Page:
par Yan, Jie;Goldbeter, Albert
Référence Journal of the Royal Society interface, 16, 152, 20180835
Publication Publié, 2019-03-01
Article révisé par les pairs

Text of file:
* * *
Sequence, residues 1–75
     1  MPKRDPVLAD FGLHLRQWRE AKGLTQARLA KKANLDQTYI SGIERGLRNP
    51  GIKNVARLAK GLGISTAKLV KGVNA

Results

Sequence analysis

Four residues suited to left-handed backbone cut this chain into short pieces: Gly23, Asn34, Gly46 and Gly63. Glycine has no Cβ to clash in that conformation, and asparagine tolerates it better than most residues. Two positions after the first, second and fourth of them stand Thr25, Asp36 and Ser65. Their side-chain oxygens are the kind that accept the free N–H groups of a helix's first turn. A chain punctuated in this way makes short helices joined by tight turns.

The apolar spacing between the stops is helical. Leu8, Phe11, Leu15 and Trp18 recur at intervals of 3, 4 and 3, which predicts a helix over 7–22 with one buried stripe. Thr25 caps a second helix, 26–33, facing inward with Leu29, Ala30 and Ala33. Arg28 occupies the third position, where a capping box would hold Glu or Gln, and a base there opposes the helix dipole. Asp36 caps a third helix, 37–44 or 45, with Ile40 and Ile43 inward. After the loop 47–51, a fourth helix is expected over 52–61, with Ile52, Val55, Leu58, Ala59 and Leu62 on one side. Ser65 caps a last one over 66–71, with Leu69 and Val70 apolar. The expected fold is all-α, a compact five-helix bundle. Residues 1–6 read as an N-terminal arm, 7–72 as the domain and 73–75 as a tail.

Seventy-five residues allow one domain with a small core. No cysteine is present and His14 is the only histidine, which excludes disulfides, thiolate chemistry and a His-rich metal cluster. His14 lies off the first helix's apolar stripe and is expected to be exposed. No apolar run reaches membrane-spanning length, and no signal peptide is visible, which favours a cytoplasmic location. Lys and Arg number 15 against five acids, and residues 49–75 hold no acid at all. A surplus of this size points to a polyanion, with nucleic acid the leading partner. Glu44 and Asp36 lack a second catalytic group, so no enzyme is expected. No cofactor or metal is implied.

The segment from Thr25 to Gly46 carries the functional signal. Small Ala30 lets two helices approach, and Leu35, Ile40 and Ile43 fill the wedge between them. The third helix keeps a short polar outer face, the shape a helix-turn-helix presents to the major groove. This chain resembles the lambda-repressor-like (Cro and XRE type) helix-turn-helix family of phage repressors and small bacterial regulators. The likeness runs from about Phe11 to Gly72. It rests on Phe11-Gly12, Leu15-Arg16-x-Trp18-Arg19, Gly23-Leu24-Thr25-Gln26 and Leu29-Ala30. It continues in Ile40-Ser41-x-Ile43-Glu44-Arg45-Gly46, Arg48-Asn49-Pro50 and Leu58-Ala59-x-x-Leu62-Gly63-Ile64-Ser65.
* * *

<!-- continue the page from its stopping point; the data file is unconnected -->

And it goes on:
Résumé : The cell cycle and the circadian clock represent two major cellular rhythms, which are coupled because the circadian clock governs the synthesis of several proteins of the network that drives the mammalian cell cycle. Analysis of a detailed model for these coupled cellular rhythms previously showed that the cell cycle can be entrained at the circadian period of 24 h, or at a period of 48 h, depending on the autonomous period of the cell cycle and on the coupling strength. We show by means of numerical simulations that multiple stable periodic regimes, i.e. multi-rhythmicity, may originate from the coupling of the two cellular rhythms. In these conditions, the cell cycle can evolve to any one of two (birhythmicity) or three stable periodic regimes (trirhythmicity). When applied at the right phase, transient perturbations of appropriate duration and magnitude can induce the switch between the different oscillatory states. Such switching is characterized by final state sensitivity, which originates from the complex structure of the attraction basins. By providing a novel instance of multi-rhythmicity in a realistic model for the coupling of two major cellular rhythms, the results throw light on the conditions in which multiple stable periodic regimes may coexist in biological systems.